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It’s a tough job but it all can be done by managing your time which takes practice and self control and learning to be patient.  If you can’t get the safety meeting done today because the auger cracked in the screw conveyor, just do it tomorrow but don’t wait much longer then that or it won’t get done.  Don’t want to deal with a minor safety infraction right this moment, make a note in your 3×5 pad of who, what, where and mention it to them a day later and not as a reprimand but as a informational observation about safety.  There are times you feel like the juggler in the center ring of a grand 3-ring circus but remember, you’re just the ring master for this challenge.

CA jury awards $16M to family of construction worker killed on job site – CBBs (Companies Behaving Badly) don’t believe they have to be compliant and spend money on safety. They see no return on the investment and it cuts into the profits.  You may get away with it, for a little while and with the low fines it was worth the risk. However, beginning today the OSHA fines greatly increase and well maybe it’s not so attractive now but the fines may be the least of your problems as juries are getting tired of companies killing their employees and awarding large settlements.  In this case they awarded a total of $27 million, of which, 16 million from a construction company.  Earlier this year a jury in Texas $54 million to a family for the death of a worker.  Is it still worth the risk of non-compliance?  Think about this first, many cities and states have increased the criminal prosecutions of company owners over lack of safety especially when it leads to the death of a worker.  Several have already resulted in substantial prison time.  So why not use that creativity to find ways to keep your workers safe and cut costs in other areas of production.  Safety is a great investment and works very well when you involve your workers.

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Local plant workers file OSHA complaint – If you really want to involve your workers this means listening to them, which CBB’s don’t do otherwise they are going to go elsewhere with their concerns and you won’t like what happens when they do.  Why would you want to call more attention to your business then is necessary?  When workers bring a safety concern to your attention, get back to them on what’s going on.  These plant workers had serious concerns about safety and I’m willing to bet no one listened to them or intended on doing anything about their safety concerns and that’s why they made the decision to go to OSHA.  They probably  began with reporting the issue to their immediate supervisor. That’s who you should bring safety issues to first.  If you don’t hear back in a reasonable time, if you belong to a union, bring the issue to their attention.  If you still don’t get a response continue up the chain of command and ask to speak to the department head or go to Human Resources.  If you still hear nothing or nothing has been addressed or you’re still getting BS excuses what taking so long, then you have to decide how important your life is as the above workers did and go to OSHA and file a complaint.  Of course this could have all been avoided by listening to your workers in the first place but you’d rather have OSHA come in and go through every nook and cranny of your facility.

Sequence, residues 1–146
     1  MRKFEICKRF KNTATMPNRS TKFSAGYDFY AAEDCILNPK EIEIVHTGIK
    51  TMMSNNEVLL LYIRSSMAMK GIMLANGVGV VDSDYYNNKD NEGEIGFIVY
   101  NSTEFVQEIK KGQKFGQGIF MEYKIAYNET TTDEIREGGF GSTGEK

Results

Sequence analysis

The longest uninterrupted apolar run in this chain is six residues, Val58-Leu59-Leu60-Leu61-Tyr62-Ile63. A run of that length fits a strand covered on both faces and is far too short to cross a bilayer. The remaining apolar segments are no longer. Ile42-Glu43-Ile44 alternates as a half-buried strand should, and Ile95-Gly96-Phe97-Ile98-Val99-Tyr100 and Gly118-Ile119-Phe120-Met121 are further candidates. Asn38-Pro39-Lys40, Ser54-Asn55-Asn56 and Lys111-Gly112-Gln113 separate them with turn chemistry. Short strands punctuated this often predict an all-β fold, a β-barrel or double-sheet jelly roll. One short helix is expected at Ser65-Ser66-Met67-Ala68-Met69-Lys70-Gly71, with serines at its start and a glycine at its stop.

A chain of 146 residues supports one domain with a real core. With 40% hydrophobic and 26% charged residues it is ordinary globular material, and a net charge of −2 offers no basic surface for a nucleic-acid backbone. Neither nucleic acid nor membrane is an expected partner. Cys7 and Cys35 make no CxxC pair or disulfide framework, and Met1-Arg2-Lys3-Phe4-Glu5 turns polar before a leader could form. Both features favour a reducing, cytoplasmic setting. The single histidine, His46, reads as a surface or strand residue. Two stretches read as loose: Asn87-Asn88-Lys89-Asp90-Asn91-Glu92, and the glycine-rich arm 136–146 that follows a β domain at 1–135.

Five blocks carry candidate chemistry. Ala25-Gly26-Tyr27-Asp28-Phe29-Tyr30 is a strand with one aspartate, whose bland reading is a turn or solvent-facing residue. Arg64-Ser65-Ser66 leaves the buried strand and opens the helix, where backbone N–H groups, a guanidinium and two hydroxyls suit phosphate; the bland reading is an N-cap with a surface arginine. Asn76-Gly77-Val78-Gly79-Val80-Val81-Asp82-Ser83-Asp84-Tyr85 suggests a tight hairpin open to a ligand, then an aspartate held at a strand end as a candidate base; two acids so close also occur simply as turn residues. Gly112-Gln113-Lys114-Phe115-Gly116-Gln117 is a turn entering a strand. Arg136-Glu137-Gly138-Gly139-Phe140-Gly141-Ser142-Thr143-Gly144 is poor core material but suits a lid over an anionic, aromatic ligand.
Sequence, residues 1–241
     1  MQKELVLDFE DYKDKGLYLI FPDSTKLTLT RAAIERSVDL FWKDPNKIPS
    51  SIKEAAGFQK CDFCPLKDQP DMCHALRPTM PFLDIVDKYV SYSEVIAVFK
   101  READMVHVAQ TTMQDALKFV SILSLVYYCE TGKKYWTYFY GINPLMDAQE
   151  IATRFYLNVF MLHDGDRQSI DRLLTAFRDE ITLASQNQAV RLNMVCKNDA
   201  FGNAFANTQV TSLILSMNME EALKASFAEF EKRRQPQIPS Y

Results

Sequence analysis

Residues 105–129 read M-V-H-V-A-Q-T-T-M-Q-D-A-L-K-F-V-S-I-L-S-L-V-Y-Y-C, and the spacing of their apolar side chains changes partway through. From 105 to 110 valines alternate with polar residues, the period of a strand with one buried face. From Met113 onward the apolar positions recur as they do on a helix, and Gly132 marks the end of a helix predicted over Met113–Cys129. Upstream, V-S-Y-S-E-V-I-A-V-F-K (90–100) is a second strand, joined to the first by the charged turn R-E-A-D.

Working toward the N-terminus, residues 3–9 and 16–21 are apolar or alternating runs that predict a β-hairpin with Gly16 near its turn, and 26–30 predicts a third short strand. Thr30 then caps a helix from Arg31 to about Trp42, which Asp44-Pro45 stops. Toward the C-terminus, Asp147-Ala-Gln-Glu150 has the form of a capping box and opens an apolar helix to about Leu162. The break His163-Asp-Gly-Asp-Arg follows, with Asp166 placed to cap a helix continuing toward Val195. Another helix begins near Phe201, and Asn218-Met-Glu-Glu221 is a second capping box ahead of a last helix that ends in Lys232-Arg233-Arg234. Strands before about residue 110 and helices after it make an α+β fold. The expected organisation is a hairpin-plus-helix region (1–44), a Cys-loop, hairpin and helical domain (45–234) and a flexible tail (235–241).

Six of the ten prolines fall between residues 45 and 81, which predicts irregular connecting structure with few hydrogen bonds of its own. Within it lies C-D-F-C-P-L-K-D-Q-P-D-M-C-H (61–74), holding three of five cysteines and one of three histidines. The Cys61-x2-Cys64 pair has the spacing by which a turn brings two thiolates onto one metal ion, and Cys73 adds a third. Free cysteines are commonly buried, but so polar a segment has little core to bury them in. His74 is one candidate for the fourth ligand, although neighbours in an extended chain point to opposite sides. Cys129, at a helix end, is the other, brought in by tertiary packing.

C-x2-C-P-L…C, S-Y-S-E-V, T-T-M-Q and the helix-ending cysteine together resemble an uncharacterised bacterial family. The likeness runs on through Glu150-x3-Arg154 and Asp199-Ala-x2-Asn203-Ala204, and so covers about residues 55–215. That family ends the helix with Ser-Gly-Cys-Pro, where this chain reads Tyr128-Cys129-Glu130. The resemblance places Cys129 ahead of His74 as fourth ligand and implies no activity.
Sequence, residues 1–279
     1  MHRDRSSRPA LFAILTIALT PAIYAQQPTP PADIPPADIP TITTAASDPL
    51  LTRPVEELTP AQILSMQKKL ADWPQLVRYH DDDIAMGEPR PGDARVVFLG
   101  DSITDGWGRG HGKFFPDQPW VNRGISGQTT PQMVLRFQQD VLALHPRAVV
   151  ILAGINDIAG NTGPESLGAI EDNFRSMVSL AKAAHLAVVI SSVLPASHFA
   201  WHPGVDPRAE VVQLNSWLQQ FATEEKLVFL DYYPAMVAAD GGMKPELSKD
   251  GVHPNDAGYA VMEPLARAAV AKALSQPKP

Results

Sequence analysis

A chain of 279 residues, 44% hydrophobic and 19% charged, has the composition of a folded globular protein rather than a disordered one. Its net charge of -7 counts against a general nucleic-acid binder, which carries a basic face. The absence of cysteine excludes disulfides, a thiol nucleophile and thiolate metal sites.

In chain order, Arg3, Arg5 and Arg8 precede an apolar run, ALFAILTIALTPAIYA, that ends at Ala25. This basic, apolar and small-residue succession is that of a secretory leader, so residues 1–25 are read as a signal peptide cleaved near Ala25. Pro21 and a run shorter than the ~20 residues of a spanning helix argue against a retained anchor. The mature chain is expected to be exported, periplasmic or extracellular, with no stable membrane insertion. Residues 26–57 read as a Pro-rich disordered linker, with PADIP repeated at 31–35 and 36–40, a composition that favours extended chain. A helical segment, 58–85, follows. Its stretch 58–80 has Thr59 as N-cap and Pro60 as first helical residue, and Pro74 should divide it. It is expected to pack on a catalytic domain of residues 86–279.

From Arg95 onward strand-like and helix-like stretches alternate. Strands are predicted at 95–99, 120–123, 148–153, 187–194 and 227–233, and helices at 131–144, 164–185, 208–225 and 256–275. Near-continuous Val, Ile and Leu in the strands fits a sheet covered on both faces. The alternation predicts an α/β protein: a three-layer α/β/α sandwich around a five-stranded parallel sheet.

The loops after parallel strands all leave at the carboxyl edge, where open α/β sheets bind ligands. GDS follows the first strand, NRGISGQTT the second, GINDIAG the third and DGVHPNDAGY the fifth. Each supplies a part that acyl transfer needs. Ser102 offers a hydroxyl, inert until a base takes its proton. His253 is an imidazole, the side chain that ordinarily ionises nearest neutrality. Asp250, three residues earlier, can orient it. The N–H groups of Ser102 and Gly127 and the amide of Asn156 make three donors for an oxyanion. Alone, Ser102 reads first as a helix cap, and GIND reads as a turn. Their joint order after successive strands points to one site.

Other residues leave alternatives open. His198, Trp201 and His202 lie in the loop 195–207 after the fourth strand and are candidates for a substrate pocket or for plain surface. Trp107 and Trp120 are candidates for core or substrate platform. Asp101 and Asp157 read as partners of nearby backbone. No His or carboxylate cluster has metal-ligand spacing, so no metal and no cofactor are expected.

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Safety gone wild?  Safety box cutter called ‘health and safety gone mad’  Taking safety to a new level so future workers can avoid what I went through.  My first and by the grace of God, my only industrial accident during my career was with a box cutter.  As a teenage stock-boy working in a supermarket I committed the cardinal sin of opening a case of toilet paper by cutting towards me with the box cutter.  As I reached the end of the case top my hand slipped and the box cutter sliced across my left thigh.  At first I was angry I ruined a new pair of jeans but that concern was soon forgotten as I suddenly could feel warm liquid trickling down my leg.  To make it worse, when I couldn’t find our assistant manager who was in charge at the time, he was sleeping it off in the basement which he did often, so I left to go to my doctor.  The next day, after getting three stitches and a tetanus shot, I had to endure a rambling lecture on my actions from the assistant manager even though I had received no training on how to properly use the box cutter or how to report an industrial injury.  Even with all the new devices out there now, making life safer at work, it still doesn’t replace the importance of training.

Are you ready to take charge and operate your part of the company with your employees safety in mind?  Excellent.  Remember the life you safe may be your own.  Until next time, be safe.

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This Month’s Tip From WarehouseFlow Advisors-Jul

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Companies Behaving Badly – Turkey!

My thoughts and prayers are with the brave people of France. I had visited Paris in October and found a vibrant and beautiful metropolitan city full of life and energy, that I instantly fell in love with.  Wish Paris a speedy recovery.       #standwithFrance    #standwithParis

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What ever the reason, fatigue, carelessness, poor judgement or lack of concentration, mistakes happen.  Mistakes are also a very persuasive tool in learning a lesson but unfortunately not everyone has the fortune to get a second chance after making a mistake.  One little innocent slip, trip or unexpected gust of wind and you’re sailing to a life time of handicap or worse, your death.  Each death has a story and with that a lesson we can all learn from.  40 new stories have begun in FY2016 as that many people have already lost their lives in industrial accidents.  Don’t let their deaths be in vain and learn from their mistakes. The attitude “it won’t happen to me” will come to haunt you.  Take advantage of all safety equipment and/or practices available.  Fall safety gear, hard hats, goggles/safety glasses, LOTO.  You are just as responsible for your safety as your company.  Don’t let them ever put you in a unsafe position.  If you have expressed safety concerns to your supervisor or management and no one is addressing it contact HR or your union representative.  If no one is getting back to you  Call the OSHA Hotline -1 (800) 321-6742 (OSHA).